Chronic Back pain effects 1 in 6 people in Australia with more than ¾ of those impacted being of working age. (1). Acute low back pain is even more widespread, afflicting 80-90% of people at some point in their lives. This makes low back pain one of the most prevalent issues in Australia, and most certainly a very common issue we help to treat in our physiotherapy clinics.

Poor sustained posture may be a contributing issue to many people who experience back pain. This is particularly relevant for those who are seated at a desk for the majority of their work day. Learning to properly set up your workspace is a fast and easy way to prevent the onset of back pain.

There is so much information out there regarding sit-stand desks, ergonomic chairs, foot rests… all sorts of gadgets designed to ensure you navigate the dangers of lower and upper back pain. None of these will help if you are not in fact seated correctly in the first place.

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How to Sit Correctly:

  1. Sit with your hips as far back as possible on your chair. Your lumbar spine* should be positioned against the back of the chair. (*The lower portion of your back right where it starts to curve).
  2. Height of the chair should be adjusted so your knees are at 90 degree angles and feet flat placed flat against the floor. If you are too short for your feet to touch the ground, grab a footrest to help. A small box or stack of papers works just as well!
  3. Your chair should be high enough so that your arms can rest easily on the desk with elbows positioned at 90 degrees.
  4. Have your computer positioned directly in front of you without turning or twisting your spine. Also, pull your chair close enough so that your elbows are in fact at 90 degrees.
  5. Adjust your chair to have a straight back.

Choosing a Chair

Now that you know how to sit correctly, let’s chat about how to choose the right chair for you.

Solid Back

Choose a chair that has good, solid, back support. It needs to be setup with no recline to aid in support.

Choose a Chair That Adjusts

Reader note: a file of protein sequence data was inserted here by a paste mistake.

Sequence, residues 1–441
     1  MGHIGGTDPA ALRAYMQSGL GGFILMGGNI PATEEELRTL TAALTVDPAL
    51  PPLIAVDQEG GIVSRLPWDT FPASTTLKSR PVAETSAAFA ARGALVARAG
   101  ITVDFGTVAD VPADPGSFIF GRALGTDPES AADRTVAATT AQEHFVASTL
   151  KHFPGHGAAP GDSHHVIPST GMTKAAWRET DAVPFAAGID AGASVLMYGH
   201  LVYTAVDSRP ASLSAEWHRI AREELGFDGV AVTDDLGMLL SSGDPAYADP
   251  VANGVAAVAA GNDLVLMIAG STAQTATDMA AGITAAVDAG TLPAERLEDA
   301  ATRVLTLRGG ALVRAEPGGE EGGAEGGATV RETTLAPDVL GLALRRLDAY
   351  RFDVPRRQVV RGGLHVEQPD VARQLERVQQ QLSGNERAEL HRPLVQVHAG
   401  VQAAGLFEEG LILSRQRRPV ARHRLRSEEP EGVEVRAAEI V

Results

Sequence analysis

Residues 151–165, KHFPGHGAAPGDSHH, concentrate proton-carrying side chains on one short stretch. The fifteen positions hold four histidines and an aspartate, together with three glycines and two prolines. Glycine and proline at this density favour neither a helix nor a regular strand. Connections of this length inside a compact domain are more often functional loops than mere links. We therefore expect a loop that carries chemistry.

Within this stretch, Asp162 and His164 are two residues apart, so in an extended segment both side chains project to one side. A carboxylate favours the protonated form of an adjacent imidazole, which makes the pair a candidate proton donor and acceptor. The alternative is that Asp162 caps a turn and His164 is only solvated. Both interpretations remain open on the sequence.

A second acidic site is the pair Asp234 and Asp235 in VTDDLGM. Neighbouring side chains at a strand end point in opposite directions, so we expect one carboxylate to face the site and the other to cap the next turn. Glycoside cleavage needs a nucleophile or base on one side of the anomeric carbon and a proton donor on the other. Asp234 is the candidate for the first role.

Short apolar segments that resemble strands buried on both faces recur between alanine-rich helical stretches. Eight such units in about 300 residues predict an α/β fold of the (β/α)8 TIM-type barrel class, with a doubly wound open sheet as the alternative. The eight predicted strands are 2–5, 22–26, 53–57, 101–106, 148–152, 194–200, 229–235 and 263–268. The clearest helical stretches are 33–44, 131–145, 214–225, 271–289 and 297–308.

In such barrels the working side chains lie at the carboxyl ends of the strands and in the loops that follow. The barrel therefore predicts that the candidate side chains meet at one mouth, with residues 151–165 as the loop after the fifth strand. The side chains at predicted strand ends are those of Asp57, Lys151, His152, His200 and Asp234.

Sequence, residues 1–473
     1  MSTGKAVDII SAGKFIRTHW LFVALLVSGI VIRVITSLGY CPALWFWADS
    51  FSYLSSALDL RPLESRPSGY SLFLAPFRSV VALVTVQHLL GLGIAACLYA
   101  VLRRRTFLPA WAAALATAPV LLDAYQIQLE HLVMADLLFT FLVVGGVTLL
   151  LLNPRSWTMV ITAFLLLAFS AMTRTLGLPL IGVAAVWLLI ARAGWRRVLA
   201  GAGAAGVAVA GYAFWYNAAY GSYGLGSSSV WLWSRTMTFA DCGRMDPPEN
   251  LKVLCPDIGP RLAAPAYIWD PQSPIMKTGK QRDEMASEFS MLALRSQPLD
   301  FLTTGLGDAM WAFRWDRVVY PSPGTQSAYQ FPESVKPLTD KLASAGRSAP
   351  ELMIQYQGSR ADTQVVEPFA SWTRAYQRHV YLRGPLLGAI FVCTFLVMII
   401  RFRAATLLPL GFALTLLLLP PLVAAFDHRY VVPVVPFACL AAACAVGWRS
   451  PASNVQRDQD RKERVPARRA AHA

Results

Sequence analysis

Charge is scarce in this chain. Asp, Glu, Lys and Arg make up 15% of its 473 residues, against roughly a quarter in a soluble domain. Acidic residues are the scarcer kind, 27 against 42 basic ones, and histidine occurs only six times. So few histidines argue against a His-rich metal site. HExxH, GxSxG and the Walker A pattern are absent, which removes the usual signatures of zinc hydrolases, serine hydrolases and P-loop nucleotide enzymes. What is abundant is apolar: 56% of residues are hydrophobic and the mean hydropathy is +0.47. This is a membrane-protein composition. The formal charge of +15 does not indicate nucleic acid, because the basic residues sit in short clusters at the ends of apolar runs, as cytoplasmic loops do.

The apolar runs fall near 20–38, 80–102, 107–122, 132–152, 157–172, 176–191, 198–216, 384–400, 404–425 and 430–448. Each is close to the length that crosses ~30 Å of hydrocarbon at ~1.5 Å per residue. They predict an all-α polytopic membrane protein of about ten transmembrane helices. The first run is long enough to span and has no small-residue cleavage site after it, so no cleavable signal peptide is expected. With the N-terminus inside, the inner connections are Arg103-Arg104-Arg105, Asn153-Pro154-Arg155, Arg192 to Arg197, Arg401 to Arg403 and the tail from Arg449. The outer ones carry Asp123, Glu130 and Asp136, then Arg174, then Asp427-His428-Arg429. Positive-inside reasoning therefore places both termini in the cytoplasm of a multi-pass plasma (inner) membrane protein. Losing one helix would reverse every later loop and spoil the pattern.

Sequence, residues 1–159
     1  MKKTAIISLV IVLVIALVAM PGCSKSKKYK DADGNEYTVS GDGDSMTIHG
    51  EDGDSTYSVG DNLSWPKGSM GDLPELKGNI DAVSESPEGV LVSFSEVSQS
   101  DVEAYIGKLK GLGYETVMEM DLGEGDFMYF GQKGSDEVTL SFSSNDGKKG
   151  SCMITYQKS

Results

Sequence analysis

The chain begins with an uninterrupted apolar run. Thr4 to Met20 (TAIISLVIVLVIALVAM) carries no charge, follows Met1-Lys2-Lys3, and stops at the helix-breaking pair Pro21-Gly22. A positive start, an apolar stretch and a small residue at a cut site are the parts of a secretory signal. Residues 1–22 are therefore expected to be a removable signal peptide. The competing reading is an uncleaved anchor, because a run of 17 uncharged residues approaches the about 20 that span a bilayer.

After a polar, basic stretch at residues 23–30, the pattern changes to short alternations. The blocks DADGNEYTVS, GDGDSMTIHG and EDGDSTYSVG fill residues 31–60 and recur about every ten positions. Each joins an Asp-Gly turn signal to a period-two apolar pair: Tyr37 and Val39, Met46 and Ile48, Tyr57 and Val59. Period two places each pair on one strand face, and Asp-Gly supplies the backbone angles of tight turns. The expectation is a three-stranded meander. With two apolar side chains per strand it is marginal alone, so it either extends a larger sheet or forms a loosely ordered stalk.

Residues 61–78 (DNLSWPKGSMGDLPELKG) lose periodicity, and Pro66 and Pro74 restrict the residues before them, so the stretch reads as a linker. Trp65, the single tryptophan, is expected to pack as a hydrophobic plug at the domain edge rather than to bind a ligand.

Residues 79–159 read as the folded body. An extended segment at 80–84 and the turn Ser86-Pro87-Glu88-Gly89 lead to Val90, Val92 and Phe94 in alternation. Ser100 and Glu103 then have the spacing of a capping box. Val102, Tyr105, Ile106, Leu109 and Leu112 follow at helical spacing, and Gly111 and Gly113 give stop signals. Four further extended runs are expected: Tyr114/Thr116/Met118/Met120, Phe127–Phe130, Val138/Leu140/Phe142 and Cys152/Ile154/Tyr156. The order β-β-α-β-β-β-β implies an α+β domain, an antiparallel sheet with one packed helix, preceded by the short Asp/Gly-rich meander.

Every person has a different back and every person has different work-space conditions.

This means that what might work for one person, will more than likely not working for somebody else. So finding a chair that will allow you to adjust not just the height, but also the angle of the backrest, is crucial.

Arms or no arms?

Ideally, choose a chair with no arms. Often they can get in the way of pulling the chair close enough to the desk, which is not ideal. Allowing your arms to rest comfortably on the desk becomes that much more difficult. If your desk is high enough to allow the arms of the chair to slide underneath the desk completely, an exception can always be made.

Movement for Back Pain

Importantly, you should also aim to get up every so often from your desk throughout the day. A short 5 minute walk around the block to grab a cup of coffee, or standing up to work for a few minutes allows your body to stretch out and recover. This also is a great opportunity to do some neck or back stretches to keep you moving throughout the day. This will lead to less and less issues over time.

A sit-stand desk is a great way to ensure you get enough movement throughout the day. If you do have access to a sit stand desk, aim for 30 minutes sitting down and 30 minutes standing up.

What to do if you already have back pain?

Many people find their lives deeply impacted with back pain for one reason or another. Fortunately, many people can also find relief through Physiotherapy. There are a number of exercises and stretches that can be used to help ease the suffering and pain we’ve all experienced. Quality of life can improve with the right guidance and care.

See our locations tab to see if there is a location near you and give them a call.

We are always willing and able to help.